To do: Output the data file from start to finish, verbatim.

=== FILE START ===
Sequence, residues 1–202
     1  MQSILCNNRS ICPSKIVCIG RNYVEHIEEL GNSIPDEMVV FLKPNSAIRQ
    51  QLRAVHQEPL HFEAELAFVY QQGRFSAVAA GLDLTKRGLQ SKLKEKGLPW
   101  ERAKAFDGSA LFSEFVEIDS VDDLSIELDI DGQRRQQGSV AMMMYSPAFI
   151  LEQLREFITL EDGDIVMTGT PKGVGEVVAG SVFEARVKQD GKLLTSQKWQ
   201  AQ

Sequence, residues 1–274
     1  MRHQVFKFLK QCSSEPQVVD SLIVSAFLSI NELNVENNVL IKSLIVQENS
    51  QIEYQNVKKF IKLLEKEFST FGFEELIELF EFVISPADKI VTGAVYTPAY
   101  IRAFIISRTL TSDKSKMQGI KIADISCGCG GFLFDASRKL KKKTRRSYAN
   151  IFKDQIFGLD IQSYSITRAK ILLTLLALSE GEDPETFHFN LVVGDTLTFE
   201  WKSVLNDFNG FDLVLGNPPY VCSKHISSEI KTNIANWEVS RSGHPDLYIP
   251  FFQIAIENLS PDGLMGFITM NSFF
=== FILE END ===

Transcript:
Sequence, residues 1–202
     1  MQSILCNNRS ICPSKIVCIG RNYVEHIEEL GNSIPDEMVV FLKPNSAIRQ
    51  QLRAVHQEPL HFEAELAFVY QQGRFSAVAA GLDLTKRGLQ SKLKEKGLPW
   101  ERAKAFDGSA LFSEFVEIDS VDDLSIELDI DGQRRQQGSV AMMMYSPAFI
   151  LEQLREFITL EDGDIVMTGT PKGVGEVVAG SVFEARVKQD GKLLTSQKWQ
   201  AQ

Sequence, residues 1–274
     1  MRHQVFKFLK QCSSEPQVVD SLIVSAFLSI NELNVENNVL IKSLIVQENS
    51  QIEYQNVKKF IKLLEKEFST FGFEELIELF EFVISPADKI VTGAVYTPAY
   101  IRAFIISRTL TSDKSKMQGI KIADISCGCG GFLFDASRKL KKKTRRSYAN
   151  IFKDQIFGLD IQSYSITRAK ILLTLLALSE GEDPETFHFN LVVGDTLTFE
   201  WKSVLNDFNG FDLVLGNPPY VCSKHISSEI KTNIANWEVS RSGHPDLYIP
   251  FFQIAIENLS PDGLMGFITM NSFF